Politics

Schumer Calls Progressive Supreme Court His 'Number One Goal'

New York Democrat says he 'will make it happen' as majority leader

New York Sen. Charles E. Schumer calls a progressive court "imperative." (Tom Williams/CQ Roll Call File Photo)

Sen. Charles E. Schumer is making it no secret that he's preparing to do what's necessary to make sure the Supreme Court tilts to the left next year.

"My number one goal, should I become majority leader with your help, is to get a progressive Supreme Court," the New York Democrat told a policy conference hosted by the Rev. Al Sharpton's National Action Network Wednesday morning.

"A progressive majority on the Supreme Court is an imperative, and if I become majority leader, I will make it happen," Schumer said. "I will make it happen."

Since the 2016 Senate electoral map would likely only yield Democrats a narrow majority under the most optimistic circumstances, the comments are an early indication that Schumer could be open to making procedural changes to enable confirmation of a more outwardly progressive Supreme Court nominee.

Under current precedents, Supreme Court nominations still require 60 votes to overcome filibuster threats, since they were not included in the changes pushed through in November 2013 by Majority Leader Harry Reid.

"This community knows better than any other how important the progressive Supreme Court is," Schumer told the African-American audience.

[Supreme Court Nomination Set to Break Record for Inaction]

"When the Congress turned its back on this community — Democrats and Republicans — there was only one group that stood firm, and that was the U.S. Supreme Court," Schumer said. 

The office building where Schumer spoke was named for Richard Russell, a Georgia Democrat and leading opponent of civil rights.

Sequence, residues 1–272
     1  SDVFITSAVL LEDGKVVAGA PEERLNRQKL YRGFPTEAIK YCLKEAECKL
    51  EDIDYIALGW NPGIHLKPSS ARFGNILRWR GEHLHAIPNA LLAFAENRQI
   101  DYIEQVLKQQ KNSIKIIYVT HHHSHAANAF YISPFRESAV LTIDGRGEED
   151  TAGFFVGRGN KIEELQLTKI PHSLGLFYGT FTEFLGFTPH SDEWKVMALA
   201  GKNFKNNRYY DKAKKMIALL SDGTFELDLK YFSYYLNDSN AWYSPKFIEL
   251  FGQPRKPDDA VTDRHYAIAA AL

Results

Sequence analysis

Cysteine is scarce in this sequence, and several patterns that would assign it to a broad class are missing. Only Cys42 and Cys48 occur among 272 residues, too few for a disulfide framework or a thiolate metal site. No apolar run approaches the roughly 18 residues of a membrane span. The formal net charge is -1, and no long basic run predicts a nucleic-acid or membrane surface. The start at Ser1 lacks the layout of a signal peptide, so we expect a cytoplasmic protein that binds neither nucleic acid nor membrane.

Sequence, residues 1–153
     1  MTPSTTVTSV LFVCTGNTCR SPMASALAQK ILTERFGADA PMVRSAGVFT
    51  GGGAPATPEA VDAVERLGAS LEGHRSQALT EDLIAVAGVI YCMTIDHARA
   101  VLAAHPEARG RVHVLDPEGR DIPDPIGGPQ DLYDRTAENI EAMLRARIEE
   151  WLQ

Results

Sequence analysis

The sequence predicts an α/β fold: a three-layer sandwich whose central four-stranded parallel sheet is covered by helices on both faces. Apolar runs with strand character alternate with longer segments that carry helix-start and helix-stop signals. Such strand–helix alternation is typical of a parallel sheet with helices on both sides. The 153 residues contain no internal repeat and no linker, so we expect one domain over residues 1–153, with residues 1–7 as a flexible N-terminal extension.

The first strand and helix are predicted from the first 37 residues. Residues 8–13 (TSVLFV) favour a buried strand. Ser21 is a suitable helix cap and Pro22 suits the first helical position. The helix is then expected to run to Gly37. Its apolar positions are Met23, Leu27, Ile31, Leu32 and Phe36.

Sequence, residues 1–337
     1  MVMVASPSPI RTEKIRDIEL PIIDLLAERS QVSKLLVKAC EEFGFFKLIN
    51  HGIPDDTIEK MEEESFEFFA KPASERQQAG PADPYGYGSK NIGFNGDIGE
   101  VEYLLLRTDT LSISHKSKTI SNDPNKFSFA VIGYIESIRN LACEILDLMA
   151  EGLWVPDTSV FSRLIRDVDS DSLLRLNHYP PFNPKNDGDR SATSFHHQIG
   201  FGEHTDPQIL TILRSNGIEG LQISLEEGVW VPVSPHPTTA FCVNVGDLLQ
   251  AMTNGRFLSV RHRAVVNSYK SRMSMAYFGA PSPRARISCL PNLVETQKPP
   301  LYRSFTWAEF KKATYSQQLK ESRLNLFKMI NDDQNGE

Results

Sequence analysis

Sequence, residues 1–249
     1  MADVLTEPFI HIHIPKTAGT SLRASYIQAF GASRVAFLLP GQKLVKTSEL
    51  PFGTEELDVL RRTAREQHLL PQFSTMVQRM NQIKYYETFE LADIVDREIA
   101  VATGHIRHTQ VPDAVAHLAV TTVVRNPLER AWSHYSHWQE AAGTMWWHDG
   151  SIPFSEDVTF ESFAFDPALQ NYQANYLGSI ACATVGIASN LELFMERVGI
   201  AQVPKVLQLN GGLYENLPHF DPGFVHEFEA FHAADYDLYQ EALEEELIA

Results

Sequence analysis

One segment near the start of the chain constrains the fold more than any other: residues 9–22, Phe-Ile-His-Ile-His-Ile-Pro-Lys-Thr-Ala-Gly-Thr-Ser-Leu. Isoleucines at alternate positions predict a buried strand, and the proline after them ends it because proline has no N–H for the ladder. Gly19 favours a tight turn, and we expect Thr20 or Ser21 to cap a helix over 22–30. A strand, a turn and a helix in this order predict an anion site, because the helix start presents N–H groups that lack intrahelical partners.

Outside the Supreme Court, a separate group of Senate Democrats joined by former clerks to current nominee Merrick Garland, made another push in front of a group of reporters and television cameras, calling on Senate Republicans to act on the long-stalled nomination.

President Barack Obama nominated Garland, chief judge on the D.C. Circuit Court of Appeals, in March to fill the high court vacancy created by the death of late Justice Antonin Scalia. But Senate Republicans have vowed to not hold hearings or a vote until after the November elections.

Reid, a Nevada Democrat, said Tuesday that he was going to invoke a provision in the Senate's rules to curtail the amount of committee business that may take place. The move was the latest protest of the Senate GOP's agenda, and to the decision not to take up the Garland confirmation.

In an interview with The New York Times over the August recess, Reid suggested that a new Democratic majority (led by Schumer) may need to ponder further limits on filibusters.

Reid said if Republicans were to lose the majority and not change course on the use of delay tactics, "the Senate is going to have to wind up being a democracy."

During his remarks on Wednesday, Schumer criticized Chief Justice John G. Roberts Jr., particularly for the Supreme Court's decision to upend preclearance provisions of the Voting Rights Act.

"One of the first things he did is eviscerate the Voting Rights Act," Schumer said. "I sometimes wake up at night wondering what these Supreme Court justices are thinking."

But, he predicted that the Shelby County v. Holder decision on voting rights would be overturned by a Supreme Court with the kind of progressive justices he would prioritize confirming as majority leader.

"I know that the NAACP legal defense and all of the other funds will go right to that court and it is my belief, based on reading of the law, that the Supreme Court's decision will be reversed," Schumer said.

Contact Lesniewski at NielsLesniewski@cqrollcall.com and follow him on Twitter @nielslesniewski.

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